COVID-19 and the Winter Flu Season: What’s Next?

By Sheeva Azma

Photo: Pexels.com

We always think of the fall and winter months as flu season.  Conditions are ripe for flu to spread in the wintertime, and this year, we also have COVID-19 to worry about.

Wintertime poses good opportunities for both flu and COVID-19 to spread.  Usually, around this time, people are indoors due to cold temps, often have celebrations for winter holidays like Christmas, and there is a lot of travel, which can exacerbate spread of these two diseases.

“We have two or three very hard months ahead of us. I think this is probably going to be the hardest phase of the pandemic.” – @ScottGottliebMD

Experts say we are headed for a surge of COVID-19 cases that could be more severe than the previous months.  As former U.S. Food and Drug Administration (FDA) head Scott Gottlieb, MD, recently told Face the Nation: “We have two or three very hard months ahead of us.  I think this is probably going to be the hardest phase of the pandemic.”  The good news is that increasingly, treatments and vaccines will become available.  The bad news is that, until these therapeutics and vaccines are made widely available, many more COVID-19 cases are sure to ensue, especially as people tire of the COVID-19 precautions they’ve been following since March 2020.

Here are a few things that could impact the severity of the COVID-19 pandemic this winter.

Getting A Flu Shot

According to the US Centers for Disease Control and Prevention, flu season begins in October and typically peaks in December, January, and February.

Because both the flu and COVID-19 are spread through infected respiratory droplets, many people are likely to suffer a double whammy of both flu and COVID-19 this year.  Sadly, the symptoms of flu and the symptoms of coronavirus are very similar, and the combined effects of both diseases on the respiratory system can be very severe and even deadly.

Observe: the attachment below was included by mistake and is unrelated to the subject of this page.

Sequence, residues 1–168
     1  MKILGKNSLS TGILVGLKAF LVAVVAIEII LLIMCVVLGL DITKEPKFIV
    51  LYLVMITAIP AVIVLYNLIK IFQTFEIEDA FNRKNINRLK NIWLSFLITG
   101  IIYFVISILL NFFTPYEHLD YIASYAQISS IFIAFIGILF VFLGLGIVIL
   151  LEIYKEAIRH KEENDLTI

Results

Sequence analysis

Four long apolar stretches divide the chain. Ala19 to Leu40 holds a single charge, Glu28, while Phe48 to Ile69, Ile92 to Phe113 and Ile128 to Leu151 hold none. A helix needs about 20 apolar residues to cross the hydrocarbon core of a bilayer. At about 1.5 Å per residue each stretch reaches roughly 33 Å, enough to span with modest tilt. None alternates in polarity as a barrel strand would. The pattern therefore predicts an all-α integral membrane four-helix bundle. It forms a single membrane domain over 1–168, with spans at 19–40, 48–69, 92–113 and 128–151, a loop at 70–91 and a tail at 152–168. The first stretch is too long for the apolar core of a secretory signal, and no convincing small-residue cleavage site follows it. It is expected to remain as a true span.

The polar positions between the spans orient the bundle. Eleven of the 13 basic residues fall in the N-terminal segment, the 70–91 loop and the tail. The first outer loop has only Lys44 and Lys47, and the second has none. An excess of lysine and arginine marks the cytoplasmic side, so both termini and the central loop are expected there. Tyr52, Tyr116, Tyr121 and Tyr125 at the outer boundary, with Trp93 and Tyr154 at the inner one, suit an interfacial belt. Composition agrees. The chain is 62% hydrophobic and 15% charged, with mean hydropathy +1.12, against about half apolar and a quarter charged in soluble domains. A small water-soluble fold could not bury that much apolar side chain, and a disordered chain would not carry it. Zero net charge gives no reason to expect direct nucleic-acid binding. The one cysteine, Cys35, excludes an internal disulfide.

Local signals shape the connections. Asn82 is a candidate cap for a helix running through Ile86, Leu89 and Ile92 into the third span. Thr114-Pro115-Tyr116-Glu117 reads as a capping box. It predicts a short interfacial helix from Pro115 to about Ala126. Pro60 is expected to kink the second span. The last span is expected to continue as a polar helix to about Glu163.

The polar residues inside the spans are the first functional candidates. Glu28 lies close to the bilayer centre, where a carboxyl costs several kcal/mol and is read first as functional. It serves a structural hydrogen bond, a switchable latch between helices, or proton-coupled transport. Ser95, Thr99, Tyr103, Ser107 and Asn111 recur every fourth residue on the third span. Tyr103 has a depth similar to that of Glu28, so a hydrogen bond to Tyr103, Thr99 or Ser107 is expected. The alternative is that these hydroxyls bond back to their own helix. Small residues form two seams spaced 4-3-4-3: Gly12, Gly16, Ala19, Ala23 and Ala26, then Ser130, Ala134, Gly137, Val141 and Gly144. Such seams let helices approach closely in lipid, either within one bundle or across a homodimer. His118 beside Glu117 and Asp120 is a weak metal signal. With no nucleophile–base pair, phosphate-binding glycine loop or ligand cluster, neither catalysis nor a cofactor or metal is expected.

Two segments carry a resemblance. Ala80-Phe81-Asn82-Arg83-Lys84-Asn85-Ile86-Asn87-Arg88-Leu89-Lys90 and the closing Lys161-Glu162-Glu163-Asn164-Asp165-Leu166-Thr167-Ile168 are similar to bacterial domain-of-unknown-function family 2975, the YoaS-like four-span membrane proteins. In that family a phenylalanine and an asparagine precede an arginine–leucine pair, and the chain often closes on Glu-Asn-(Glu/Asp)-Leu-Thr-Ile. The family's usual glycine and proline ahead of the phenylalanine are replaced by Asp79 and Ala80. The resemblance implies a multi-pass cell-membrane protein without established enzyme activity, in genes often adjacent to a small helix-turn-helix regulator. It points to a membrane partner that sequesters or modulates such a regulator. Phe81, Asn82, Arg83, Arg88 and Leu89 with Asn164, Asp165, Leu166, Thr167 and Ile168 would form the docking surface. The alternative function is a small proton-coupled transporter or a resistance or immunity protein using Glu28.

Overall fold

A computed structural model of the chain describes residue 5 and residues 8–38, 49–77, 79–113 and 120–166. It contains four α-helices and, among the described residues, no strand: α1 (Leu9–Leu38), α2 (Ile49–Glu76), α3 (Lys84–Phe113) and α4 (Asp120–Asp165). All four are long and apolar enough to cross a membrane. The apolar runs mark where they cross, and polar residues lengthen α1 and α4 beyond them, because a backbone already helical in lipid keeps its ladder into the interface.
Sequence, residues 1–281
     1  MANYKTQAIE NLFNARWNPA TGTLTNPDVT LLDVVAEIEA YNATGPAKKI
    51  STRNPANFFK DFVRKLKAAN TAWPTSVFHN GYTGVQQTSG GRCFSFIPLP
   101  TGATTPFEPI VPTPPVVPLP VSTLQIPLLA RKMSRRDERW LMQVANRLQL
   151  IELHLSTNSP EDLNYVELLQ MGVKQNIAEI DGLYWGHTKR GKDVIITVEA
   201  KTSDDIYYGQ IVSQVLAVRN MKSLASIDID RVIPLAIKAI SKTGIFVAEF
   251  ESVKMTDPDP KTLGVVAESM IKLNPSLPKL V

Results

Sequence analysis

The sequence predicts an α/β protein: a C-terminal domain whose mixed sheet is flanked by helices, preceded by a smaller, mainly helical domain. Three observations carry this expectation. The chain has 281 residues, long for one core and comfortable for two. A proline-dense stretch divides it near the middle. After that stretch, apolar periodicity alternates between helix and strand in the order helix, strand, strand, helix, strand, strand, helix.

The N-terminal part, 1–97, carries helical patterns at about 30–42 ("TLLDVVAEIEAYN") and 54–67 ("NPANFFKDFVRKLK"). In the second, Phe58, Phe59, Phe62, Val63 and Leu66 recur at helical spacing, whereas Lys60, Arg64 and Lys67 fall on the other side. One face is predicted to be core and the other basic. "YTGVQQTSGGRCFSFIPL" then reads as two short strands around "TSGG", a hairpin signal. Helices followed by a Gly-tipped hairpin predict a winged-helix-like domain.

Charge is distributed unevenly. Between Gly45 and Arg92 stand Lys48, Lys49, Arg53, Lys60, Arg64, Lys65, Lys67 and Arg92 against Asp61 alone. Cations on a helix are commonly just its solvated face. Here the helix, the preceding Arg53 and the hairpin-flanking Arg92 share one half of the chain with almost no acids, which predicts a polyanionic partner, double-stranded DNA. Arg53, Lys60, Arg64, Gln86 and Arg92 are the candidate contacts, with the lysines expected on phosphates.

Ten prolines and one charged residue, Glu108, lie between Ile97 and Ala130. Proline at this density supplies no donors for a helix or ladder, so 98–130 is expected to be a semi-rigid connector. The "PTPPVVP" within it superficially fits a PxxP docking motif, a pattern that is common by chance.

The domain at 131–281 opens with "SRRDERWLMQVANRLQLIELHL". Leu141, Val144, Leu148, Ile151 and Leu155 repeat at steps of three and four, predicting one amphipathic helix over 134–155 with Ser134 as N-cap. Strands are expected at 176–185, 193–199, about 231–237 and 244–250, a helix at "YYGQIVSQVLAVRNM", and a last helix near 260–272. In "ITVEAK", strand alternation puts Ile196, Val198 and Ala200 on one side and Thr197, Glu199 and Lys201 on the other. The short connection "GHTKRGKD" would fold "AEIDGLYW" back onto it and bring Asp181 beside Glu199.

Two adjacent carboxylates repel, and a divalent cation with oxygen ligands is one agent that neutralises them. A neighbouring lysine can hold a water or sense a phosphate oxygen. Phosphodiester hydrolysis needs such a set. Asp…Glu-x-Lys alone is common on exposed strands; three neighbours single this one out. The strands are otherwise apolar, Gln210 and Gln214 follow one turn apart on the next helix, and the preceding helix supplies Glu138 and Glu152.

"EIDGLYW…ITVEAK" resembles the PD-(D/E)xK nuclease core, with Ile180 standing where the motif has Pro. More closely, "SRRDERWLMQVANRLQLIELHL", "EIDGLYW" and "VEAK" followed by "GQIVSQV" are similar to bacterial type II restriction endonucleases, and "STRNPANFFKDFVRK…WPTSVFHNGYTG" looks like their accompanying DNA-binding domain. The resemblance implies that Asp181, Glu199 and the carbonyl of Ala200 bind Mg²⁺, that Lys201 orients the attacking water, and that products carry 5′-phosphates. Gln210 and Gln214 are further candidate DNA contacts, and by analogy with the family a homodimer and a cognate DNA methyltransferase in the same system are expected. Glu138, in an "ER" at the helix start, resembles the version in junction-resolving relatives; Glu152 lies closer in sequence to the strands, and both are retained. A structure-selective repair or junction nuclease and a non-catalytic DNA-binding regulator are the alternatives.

Medical experts strongly recommend getting a flu shot this year in order to avoid the combined effects of the flu and COVID-19.  Many pharmacies offer socially-distanced or even drive-thru flu shots this year.  I got my flu shot at CVS in September. I went online to book a Minute Clinic appointment, then showed up at CVS later that day at the scheduled time.  I waited in my car until they called me in for my appointment.  It was all stress-free and over in less than 30 minutes.

It’s important to note that, while getting a flu shot will protect you from the flu and the combined effects of flu + COVID-19, it will not provide any immunity to COVID-19.

COVID-19 Vaccine Availability

The world anxiously awaits a COVID-19 vaccine in the coming months.  While White House science advisor Anthony Fauci believes that clinical trials will yield evidence for the safety and efficacy of their vaccines by the end of the year, such a vaccine might not be available for the general public until April 2021.

Efforts are underway to speed up the COVID-19 vaccine development process in a way that is science-based.  An Emergency Use Authorization or EUA could help speed up vaccine distribution by bypassing formal FDA approval processes, which can take years. 

Here’s one example of how that could work: Moderna’s Phase 3 trial results will mostly likely be available by the end of November, according to the Wall Street Journal.  Former FDA head Scott Gottlieb, MD estimates that, following the two needed doses of the COVID-19 vaccine, the first group of people to be vaccinated won’t have the full immunity needed until February or March.